100%

Scanned image of the page. Keyboard directions: use + to zoom in, - to zoom out, arrow keys to pan inside the viewer.

Page Options

Download this Issue

Share

Something wrong?

Something wrong with this page? Report problem.

Rights / Permissions

This collection, digitized in collaboration with the Michigan Daily and the Board for Student Publications, contains materials that are protected by copyright law. Access to these materials is provided for non-profit educational and research purposes. If you use an item from this collection, it is your responsibility to consider the work's copyright status and obtain any required permission.

March 27, 1914 - Image 1

Resource type:
Text
Publication:
The Michigan Daily, 1914-03-27

Disclaimer: Computer generated plain text may have errors. Read more about this.

1

'lic

~igan

juai

7T

of

ANN ARBOR, MICHIGAN, FRIDAY, MARCH 27, 1914.

PRICE FIVE

r

"

EVENTS FOR TODAY
Wright saxophone party, Michigan Un-
ion, 9:00 o'clock.
Round-up formal party, Armory, 9:00
o'clock.
Deutscher Verein dance, Barbour gym,
8:30 o'clock.
Dixie club smoker, Michigan Union,
7:30 o'clock.

HURLER WINGED IN
BATTING PRACTICE

PAGEANT TRYOUTS
WILL END APRIL 3
ilen Are Hesitant to Enter Names on
Joan of Arc Production
Entry Lists

CORNELL AND MICHIGAN TO
HOLD GLIDER MEET IN MAY
Will Be First Intercollegiate Aero
Contest on Record

TRACK MEN

"Bill"

-

Davidson Struck by Pitched
Ball on Left Arm While
at Plate

SQUAD MAY GET OUT SATURDAY SPECTACLE SLATED FOR MAY

FAIR FORM F
CORNELL EV

LeaveI

21;

at

rtain; Seats in
w Being
ast, chorus, or-
nen of "A Model
his morning at
ichigan Central,
ey will present
way theater to-
ist of all those
p was posted at
nd contains the
participated in

ving in the
vill be taken'
iversity club
Dr guests at
will be heldI
eater. It is
11 be played
uch as seats
top gallery,
sold several
ill return to
1:30 o'clock

EVENTS OF TOMORROW
Soph lit "Punch Dansant," Barbour
gym, 2:00 o'clock.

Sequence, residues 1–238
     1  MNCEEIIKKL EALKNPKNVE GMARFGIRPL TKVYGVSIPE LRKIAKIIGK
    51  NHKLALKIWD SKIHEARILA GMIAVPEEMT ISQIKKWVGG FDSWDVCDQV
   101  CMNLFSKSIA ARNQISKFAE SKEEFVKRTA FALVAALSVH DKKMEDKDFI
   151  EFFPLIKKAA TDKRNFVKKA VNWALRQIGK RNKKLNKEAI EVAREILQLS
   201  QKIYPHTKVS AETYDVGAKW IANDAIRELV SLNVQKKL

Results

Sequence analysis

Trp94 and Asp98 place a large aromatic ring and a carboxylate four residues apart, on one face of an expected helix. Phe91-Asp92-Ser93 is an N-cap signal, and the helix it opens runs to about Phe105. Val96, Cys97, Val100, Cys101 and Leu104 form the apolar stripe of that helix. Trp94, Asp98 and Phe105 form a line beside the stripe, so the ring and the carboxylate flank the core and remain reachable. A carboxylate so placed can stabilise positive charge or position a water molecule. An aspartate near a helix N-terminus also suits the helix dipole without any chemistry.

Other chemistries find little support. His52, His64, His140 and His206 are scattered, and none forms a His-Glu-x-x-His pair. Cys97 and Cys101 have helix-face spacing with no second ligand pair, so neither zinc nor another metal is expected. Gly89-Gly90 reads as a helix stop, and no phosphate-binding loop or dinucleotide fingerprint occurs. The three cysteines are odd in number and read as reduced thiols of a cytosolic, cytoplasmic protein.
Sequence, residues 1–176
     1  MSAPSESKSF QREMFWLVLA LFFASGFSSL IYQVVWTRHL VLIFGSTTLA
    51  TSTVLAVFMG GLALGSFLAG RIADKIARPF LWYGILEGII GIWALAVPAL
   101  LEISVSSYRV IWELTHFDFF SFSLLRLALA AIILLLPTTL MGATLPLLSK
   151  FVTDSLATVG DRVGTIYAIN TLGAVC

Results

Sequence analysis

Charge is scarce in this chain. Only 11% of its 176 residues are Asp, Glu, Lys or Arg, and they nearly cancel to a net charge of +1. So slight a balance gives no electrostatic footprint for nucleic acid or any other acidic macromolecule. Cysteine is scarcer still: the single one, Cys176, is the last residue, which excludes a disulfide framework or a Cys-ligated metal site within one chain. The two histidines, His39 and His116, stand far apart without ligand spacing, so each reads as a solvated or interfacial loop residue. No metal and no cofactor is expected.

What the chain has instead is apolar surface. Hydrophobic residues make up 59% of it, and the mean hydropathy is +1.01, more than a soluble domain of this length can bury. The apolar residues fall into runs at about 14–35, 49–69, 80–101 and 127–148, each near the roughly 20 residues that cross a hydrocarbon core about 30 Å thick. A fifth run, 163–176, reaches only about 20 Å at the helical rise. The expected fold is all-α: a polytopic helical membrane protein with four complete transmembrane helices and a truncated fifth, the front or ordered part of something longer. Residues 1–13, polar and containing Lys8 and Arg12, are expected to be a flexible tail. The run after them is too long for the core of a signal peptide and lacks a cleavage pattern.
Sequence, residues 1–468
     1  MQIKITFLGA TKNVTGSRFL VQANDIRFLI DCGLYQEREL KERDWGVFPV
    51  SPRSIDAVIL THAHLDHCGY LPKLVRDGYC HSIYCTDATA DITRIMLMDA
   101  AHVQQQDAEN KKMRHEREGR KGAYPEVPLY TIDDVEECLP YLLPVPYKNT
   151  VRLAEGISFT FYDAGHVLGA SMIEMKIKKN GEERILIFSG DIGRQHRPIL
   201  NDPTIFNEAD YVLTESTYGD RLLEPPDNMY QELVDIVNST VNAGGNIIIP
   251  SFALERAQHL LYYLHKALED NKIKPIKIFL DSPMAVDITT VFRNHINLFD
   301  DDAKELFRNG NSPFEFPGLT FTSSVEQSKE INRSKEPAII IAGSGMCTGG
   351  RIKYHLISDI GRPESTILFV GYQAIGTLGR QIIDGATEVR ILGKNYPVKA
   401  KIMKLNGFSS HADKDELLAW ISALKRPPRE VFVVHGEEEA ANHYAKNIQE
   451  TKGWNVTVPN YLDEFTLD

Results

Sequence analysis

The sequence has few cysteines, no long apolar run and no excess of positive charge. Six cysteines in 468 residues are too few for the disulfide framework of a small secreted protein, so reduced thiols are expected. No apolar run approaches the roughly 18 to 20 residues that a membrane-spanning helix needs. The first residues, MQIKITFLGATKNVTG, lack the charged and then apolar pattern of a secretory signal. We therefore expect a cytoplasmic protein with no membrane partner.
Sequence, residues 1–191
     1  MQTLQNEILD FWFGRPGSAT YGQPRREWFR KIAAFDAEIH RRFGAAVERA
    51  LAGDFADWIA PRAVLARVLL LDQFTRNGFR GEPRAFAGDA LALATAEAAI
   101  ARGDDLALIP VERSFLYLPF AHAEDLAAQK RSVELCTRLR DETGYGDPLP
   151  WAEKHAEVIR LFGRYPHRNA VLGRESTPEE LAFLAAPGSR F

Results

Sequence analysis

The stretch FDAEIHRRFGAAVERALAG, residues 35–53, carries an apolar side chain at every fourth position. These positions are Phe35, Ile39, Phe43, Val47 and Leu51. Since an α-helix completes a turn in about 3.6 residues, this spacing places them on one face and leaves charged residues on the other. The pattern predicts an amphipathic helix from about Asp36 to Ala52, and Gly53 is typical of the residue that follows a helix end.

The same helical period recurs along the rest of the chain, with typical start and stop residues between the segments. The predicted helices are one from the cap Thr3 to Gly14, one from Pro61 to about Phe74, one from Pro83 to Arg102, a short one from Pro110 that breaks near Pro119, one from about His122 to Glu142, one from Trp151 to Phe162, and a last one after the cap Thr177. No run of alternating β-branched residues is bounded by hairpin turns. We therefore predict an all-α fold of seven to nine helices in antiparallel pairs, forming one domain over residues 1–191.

Union Boat club dance, Michigan Un-
ion, 9:00 o'clock.
Irish Players, Whitney theater, mat-
inee, 2:30 o'clock; evening 8:15
o'clock.
Cornell-Michigan track meet, Water-
man gym, 7:30 o'clock.
Prof. H. M. Kallen speaks before Me-
norah society, Newberry hall, 7:30
o'clock.
Mr. John Spargo addresses Michigan
Socialist club, Newberry hall, 7:30
o'clock.
TICKETS FOR "APRIL FOOL"
DINNER GO ON SALE TODAY
Tickets for the "April Fool" mem-
bership dinner, to be given at the Un-
ion at 5:30 o'clock next Wednesday.
night, will be placed on sale this morn-=
ing at 50 cents each. They may be
obtained at the desk or from members
of the committee.
Stunts appropriate to the day will;
feature the program. K. B. Hoch, '14,
general chairman of the opera, will
tell some of the inside facts in ar-
ranging for the annual production
and the Mimes will contribute a short
skit. . A student trio will furnish mu-
sic during the meal and several selec-
tions by the varsity quartet and a vio-
lin solo by Anthony Whitmire will fea-
ture the regular program.
SENIOR LIT BEAU BRUMMELS 1
S. 0. S. FOR 50 MORE CANESt

With less than a week left before
the southern trip, Coach Lundgren is
hoping for drying winds with the
change in weather, in order that he
can take the team out on Ferry field.
There is a possibility of the men get-
ting out Saturday.
Yesterday's practice was marred by
an accident to "Bill Davidson, who
was struck in the arm in batting prac-
tice by a swiftly pitched ball thrown
by Furgeson. Davidson is the star
hard luck player on the squad, having
just recovered from two badly split
fingers. Fortunately, both injuries
were on his left arm, instead of his
throwing wing.
Quaintance, Baribeau, Davidson,
Furgeson, Soddy and Vogel were the
hurlers to work out yesterday; the
day's work being largely batting drill,
as Thursday is an off day in the train-
ing camp.
SENIOR ENGINEERS TO GIVE
LOAN FUND FOR MEMORIAL

Entry lists for the Joan of Arc pa-
geant will be closed on April 3, when
all names should be handed in to Pro-
fessor H. A. Kenyon, at his office in
room 23, old engineering building.
Professor Kenyon said yesterday, that
he was anxious for the student body
to realize that this pageant is a uni-
versity affair and not devoted entirely
to the women of the campus,as is com-
monly supposed. More men are need-
ed than women, and he is desirous that
greater interest be manifested by the
men. No ability as an actor is requir-
ed.
Detail wo on the pageant will oc-
cupy the various committees up until
the time for spring vacation, when